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December 25, 2011
Breaking News – Part 2
Pastor Philip De Courcy
Time:
Luke 2:8-20
Scripture: 
Topics: 

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In the Christmas series, "Breaking News," Pastor Philip De Courcy examines the profound news delivered on the first Christmas - the birth of the Savior, Christ the Lord. This event marked the dawn of a rescue mission of unparalleled magnitude as God became man to bring salvation to humanity.

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Transcript

Luke chapter two in verse eight, where upon that scene of the breaking of those glad and glorious tidings of the birth of the son of God. Now there was in the same country shepherds living out in the fields keeping watch over their flock by night, and behold an angel of the Lord stood before them and the glory of the Lord shown around them and they were greatly afraid. Then the angel said to them, do not be afraid for behold I bring you good tidings of great joy, which will be to all people. For that is born to you this stay in the city of David, a savior who is Christ the Lord. And this will be the sign to you. You will find a babe wrapped in swaddling cloth, lying in a manger. And suddenly there was with the angel a multitude of the heavenly host praising God and saying, glory to God in the highest, and on earth, peace, goodwill toward man.
So it was when the angels had gone away from them into heaven that the shepherds said to one another, let us now go to Bethlehem and see this thing that has come to pass, which the Lord has made known to us. And they came with haste and found Mary and Joseph and the babe lying in a manger. Now, when they had seen him, they made widely known the saying which was told them concerning this child and all those who heard it marveled tat those things which were told them by the shepherds. But Mary kept all these things and pondered them in her heart. Then the shepherds returned, glorifying and praising God for all the things that they had heard and seen as it was told them. So reads God’s precious word this morning.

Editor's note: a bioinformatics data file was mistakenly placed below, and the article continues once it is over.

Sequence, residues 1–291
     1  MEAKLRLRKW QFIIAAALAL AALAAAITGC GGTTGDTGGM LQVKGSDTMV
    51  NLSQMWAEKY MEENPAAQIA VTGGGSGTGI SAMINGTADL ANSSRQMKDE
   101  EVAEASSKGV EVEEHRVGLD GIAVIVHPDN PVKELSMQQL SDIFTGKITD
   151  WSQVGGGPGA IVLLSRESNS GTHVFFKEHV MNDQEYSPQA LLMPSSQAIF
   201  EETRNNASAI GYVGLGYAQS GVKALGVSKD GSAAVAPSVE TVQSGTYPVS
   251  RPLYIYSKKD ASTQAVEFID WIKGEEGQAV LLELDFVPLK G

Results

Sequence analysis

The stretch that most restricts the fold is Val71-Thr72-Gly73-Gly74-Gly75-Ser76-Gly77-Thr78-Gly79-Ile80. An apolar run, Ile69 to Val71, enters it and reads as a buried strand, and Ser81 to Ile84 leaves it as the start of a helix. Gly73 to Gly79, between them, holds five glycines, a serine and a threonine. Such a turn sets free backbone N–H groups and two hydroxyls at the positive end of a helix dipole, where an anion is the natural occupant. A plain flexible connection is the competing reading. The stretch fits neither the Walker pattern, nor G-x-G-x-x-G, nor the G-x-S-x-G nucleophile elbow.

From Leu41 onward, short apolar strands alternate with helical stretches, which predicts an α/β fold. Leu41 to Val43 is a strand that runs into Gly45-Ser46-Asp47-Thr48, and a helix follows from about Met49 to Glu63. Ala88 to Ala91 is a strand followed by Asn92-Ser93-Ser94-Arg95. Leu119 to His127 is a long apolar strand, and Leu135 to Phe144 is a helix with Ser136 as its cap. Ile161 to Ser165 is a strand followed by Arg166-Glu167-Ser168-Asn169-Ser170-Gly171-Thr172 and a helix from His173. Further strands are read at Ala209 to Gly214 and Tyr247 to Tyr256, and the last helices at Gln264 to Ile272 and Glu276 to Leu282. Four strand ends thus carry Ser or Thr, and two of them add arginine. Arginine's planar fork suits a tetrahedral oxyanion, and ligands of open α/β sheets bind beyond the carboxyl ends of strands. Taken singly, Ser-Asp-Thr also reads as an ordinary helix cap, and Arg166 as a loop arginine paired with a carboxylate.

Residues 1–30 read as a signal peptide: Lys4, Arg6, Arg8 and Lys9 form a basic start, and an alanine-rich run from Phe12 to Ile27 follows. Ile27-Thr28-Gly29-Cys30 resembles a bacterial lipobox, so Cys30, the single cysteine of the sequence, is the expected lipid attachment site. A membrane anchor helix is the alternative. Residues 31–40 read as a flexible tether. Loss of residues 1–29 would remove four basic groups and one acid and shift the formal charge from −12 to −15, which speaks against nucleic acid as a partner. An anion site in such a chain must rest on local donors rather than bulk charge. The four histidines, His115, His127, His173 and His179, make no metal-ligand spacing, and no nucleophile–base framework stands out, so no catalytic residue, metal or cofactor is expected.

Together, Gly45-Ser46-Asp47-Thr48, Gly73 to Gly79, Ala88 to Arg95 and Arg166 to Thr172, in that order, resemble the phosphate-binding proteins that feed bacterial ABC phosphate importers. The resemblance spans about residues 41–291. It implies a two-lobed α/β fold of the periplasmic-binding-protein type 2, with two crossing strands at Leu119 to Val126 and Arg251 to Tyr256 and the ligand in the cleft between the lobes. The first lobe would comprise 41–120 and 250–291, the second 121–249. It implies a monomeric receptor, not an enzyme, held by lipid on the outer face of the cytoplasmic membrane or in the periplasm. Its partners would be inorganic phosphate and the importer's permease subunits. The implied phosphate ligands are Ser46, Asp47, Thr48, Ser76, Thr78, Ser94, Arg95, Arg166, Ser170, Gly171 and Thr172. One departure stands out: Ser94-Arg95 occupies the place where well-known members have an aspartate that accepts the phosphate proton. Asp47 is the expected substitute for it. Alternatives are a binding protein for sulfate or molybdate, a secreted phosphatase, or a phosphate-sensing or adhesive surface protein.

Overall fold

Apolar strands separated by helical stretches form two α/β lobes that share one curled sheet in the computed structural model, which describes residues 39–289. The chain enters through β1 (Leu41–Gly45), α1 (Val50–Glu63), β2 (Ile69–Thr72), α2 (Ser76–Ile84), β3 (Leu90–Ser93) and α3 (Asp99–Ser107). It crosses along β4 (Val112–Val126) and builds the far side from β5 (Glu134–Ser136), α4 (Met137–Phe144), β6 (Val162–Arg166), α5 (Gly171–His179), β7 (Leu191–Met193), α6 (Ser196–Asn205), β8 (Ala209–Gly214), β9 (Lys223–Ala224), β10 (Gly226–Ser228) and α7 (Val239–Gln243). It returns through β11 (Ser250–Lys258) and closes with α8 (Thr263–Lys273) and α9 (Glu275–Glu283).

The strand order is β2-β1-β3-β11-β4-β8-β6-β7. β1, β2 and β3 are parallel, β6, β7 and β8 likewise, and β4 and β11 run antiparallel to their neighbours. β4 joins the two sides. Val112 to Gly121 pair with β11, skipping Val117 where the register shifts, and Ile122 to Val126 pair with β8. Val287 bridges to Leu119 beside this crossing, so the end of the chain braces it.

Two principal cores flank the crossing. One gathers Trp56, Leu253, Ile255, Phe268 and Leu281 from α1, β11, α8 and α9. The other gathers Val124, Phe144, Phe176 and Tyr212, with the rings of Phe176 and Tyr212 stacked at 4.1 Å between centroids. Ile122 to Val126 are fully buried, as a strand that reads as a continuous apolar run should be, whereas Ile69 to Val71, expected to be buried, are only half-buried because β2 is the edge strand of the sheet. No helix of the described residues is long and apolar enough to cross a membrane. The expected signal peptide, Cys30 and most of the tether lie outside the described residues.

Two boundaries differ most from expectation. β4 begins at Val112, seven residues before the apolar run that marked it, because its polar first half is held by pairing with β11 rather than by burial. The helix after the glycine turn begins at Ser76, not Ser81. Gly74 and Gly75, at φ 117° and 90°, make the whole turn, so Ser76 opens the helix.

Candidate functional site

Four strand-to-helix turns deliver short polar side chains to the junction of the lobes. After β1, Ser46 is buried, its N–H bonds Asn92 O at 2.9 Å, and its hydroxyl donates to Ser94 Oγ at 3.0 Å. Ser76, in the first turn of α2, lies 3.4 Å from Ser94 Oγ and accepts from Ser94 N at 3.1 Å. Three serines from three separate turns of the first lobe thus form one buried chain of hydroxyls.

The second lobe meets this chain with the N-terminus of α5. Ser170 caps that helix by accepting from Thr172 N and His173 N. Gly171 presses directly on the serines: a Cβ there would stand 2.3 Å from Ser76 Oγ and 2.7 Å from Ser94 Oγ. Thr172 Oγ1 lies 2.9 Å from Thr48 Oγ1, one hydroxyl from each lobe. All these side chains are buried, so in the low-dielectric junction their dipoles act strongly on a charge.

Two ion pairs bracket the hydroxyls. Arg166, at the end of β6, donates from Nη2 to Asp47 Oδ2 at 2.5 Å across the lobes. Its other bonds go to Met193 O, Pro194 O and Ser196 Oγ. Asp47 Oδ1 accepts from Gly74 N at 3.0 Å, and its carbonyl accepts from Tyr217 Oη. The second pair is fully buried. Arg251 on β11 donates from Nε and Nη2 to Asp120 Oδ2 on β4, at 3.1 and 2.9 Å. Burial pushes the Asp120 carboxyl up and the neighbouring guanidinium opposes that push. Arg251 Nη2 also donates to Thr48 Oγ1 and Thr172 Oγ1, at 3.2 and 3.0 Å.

I like the story of the farmer who went into the bank and announced that he had got some bad news and he had got some good news. The bad news, well said the farmer, I can’t make my mortgage payments. The crop loan that I took out for these past 10 years, I won’t be able to pay that off either. And if that wasn’t bad enough, I want you to know that all that equipment that I bought, which came to about a hundred thousand dollars, that outstanding debt, I’m never going to get to that. So what I’m going to do is I’m going to give up the farm, I’m going to turn it over to you and you can salvage from it whatever you can. The banker had sat in stunned silence. Hearing all that bad news, he turned to the man. He said, well, what’s the good news? Which the farmer replied, I’m going to keep on banking with you in the new year.
This Christmas, I want to remind you that there’s some good news, better news than the farmer shared with the banker. And the good news is this, that God hasn’t given up on us.
That’s the message that comes to the shepherds from the angels. That through Jesus Christ, his birth, his life, his death, his resurrection, God was doing something that would set the stage for reconciliation between earth and heaven, man and God. Listen to what the angels say. God in the highest is intending peace on earth and goodwill toward man. Or to borrow Paul’s words. God was in Christ and all that Christ would do, reconciling the world to himself.
Amazingly, as we said in the last service and in the last sermon, God didn’t come to rub it in and there was much about us that offended God. There was great controversy between mankind and God, between earth and heaven, but Jesus Christ didn’t come to rub it in. He came to rub it out. God didn’t send his son to condemn the world, but that the world through him might be saved.
That’s the great news. That’s the good news that should cause us great joy this Christmas and we started to look at this passage the last time we were together. And I noted last night that this passage is a third Christmas card and a third carol in the opening chapters of Luke’s gospel. And as we started to unpack this section of Luke’s gospel, three things became apparent. We uncovered one, what I call the angels. The angels. The narrative begins with a third appearance, most likely of the angel Gabriel, who announces that a savior had been born that day in the city of David who was Christ the Lord. Then Gabriel is joined by a heavenly host and they sing glory to God in the highest and on earth, peace and goodwill toward man. Ironically, it’s an army that announces peace. We noticed that the word host carries the idea of army. Ranks upon ranks, upon ranks of heavenly angels, heavenly beings announced that indeed heaven had invaded earth.